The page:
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US seeks ‘greater dialogue’ between Pakistan, India

Updated August 18, 2016

WASHINGTON: The United States is urging ‘greater dialogue’ between Pakistan and India as relations between the two nuclear neighbours continue to deteriorate.

At a news briefing, a State Department official urged Pakistan to act against all terrorist groups, including those involved in cross-border operations in the region.

“We would encourage greater dialogue and counterterrorism cooperation between Pakistan and India,” said Mark Toner, the State Department’s deputy spokesman, when asked what the US would suggest to reduce tensions between the two countries.

“We’ve said that many times. It’s for the good of both countries; it’s for the good of the region. Frankly, it’s for the benefit of the United States,” he added.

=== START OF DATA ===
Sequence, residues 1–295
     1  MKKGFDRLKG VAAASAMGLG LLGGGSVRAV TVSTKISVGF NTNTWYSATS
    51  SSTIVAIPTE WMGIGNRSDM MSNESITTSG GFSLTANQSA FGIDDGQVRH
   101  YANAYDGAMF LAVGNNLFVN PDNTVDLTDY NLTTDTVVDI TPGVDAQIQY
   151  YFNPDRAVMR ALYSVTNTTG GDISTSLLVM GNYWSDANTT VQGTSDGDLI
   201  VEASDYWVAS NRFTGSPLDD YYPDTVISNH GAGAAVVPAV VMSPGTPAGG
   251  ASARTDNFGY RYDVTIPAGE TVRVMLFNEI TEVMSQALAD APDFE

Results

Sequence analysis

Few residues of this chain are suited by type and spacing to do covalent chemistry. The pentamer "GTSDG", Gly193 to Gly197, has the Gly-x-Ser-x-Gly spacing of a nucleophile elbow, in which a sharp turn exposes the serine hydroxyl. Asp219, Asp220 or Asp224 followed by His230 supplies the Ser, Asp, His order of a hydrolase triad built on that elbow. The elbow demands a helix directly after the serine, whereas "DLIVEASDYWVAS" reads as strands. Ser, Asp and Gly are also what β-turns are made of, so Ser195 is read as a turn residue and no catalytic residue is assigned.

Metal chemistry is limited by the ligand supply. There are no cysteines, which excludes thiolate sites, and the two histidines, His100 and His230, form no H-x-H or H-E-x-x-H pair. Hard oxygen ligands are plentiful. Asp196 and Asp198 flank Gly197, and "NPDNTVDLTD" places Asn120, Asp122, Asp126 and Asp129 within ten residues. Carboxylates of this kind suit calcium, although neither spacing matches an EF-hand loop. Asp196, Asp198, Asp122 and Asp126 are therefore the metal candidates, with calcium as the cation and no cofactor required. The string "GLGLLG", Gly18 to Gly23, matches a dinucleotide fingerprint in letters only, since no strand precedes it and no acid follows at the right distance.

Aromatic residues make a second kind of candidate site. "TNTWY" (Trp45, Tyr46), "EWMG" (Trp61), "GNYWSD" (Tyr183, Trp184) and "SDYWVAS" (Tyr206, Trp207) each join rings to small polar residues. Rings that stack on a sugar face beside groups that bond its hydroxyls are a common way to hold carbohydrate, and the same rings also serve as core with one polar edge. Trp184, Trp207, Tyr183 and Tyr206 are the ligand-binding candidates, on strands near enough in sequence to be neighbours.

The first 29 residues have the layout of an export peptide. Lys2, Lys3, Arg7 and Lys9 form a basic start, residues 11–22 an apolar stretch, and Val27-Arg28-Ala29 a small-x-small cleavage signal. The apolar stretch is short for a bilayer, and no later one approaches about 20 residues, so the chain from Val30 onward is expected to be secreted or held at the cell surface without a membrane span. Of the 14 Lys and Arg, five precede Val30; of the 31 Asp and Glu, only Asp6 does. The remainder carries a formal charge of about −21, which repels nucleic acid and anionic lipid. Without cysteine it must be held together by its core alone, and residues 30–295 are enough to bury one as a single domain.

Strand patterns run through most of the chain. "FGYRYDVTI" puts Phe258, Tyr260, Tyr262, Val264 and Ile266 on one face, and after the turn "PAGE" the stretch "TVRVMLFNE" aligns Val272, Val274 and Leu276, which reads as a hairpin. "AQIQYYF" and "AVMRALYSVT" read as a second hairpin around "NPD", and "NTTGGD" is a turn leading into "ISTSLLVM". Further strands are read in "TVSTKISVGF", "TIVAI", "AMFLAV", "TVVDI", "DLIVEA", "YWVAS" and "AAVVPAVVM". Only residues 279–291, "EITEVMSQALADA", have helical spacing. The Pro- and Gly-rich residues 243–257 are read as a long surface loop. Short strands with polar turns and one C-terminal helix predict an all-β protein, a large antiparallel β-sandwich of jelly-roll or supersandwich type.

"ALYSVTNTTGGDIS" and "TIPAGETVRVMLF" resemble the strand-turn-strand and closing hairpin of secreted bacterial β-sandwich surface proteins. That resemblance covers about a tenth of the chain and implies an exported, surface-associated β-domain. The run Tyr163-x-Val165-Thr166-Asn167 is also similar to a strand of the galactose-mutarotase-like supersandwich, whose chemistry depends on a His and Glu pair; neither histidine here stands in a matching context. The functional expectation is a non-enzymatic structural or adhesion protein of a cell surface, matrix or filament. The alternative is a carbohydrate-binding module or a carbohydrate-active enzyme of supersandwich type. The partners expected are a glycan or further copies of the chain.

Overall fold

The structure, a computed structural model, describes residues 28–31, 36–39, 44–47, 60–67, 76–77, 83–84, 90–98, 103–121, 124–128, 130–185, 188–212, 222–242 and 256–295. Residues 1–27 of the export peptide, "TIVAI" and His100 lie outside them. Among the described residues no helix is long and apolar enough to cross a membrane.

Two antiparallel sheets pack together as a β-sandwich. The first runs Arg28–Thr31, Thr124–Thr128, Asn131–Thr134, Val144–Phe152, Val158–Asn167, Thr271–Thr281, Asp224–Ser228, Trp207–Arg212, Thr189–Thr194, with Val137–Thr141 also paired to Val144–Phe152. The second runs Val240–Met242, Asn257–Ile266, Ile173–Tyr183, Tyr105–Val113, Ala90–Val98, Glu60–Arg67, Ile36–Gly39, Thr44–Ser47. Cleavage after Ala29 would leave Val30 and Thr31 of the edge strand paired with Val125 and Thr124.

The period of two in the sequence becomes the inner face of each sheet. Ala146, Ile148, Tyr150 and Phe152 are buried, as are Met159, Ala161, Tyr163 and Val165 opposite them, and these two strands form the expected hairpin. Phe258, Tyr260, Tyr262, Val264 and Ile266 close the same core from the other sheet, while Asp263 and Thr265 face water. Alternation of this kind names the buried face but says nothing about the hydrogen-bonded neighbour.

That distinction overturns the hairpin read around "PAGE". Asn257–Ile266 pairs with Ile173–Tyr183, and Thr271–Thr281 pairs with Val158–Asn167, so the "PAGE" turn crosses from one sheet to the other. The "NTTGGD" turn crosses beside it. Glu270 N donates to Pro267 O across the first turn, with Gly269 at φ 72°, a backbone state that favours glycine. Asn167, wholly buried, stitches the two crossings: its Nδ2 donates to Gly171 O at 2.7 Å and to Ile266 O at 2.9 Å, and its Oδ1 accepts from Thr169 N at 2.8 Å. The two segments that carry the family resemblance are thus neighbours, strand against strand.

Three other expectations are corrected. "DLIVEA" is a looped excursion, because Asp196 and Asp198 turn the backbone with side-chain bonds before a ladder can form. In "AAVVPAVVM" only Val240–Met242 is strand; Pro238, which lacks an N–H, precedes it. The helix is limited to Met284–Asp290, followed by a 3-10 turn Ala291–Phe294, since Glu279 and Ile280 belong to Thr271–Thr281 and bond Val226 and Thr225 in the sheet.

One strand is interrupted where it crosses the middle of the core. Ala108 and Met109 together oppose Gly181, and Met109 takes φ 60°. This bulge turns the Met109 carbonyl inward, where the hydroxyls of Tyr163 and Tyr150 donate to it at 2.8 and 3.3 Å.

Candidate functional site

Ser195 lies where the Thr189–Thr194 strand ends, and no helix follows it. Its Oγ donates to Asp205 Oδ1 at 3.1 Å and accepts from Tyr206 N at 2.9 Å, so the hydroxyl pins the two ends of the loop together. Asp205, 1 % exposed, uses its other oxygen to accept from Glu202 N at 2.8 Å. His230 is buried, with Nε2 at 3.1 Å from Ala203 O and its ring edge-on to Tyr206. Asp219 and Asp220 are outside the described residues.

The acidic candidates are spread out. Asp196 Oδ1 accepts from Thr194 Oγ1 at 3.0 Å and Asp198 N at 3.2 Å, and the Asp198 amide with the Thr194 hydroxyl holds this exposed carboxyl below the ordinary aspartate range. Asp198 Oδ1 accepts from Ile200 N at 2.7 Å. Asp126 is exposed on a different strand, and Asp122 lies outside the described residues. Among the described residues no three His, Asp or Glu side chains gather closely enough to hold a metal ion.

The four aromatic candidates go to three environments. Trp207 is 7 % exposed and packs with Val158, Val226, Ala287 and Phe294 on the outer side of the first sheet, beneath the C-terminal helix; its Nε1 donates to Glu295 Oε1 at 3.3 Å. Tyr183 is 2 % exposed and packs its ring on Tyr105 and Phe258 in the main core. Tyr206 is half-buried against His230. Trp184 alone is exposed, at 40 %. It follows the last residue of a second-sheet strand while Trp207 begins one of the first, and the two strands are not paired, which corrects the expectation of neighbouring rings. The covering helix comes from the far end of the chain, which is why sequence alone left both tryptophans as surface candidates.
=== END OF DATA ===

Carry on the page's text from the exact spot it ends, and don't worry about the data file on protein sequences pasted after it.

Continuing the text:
Reports in the Indian and US media, quoting Indian officials, claimed that New Delhi wanted to talk about the alleged “troubles” in Azad Kashmir and not about the popular uprising in the India-held valley.


Islamabad urged to act against all terrorist groups


On Monday, Foreign Secretary Aizaz Chaudhry invited his Indian counterpart to Pakistan for dialogue on the Kashmir dispute in a letter that “highlighted the international obligations of Pakistan and India with regard to resolving the Kashmir dispute in accordance with United Nations Security Council resolutions”.

Recently, India’s Home Minister Rajnath Singh visited Islamabad for a meeting of the South Asian Association for Regional Cooperation but refused to hold bilateral talks with Pakistani officials.

And last week, India’s Foreign Minister Sushma Swaraj said that there would be no bilateral talks until Pakistan “stops terrorism against India”.

Asked to comment on her statement, Mr Toner said: “It’s important that Pakistan do the utmost to prevent terrorists from carrying out acts of terror — not just in Pakistan, but elsewhere in the region.”

But he also emphasised the need for both countries to resume dialogue. “It’s important that there’s greater collaboration, greater dialogue. And we would encourage any effort in that regard,” he said.

Published in Dawn, August 18th, 2016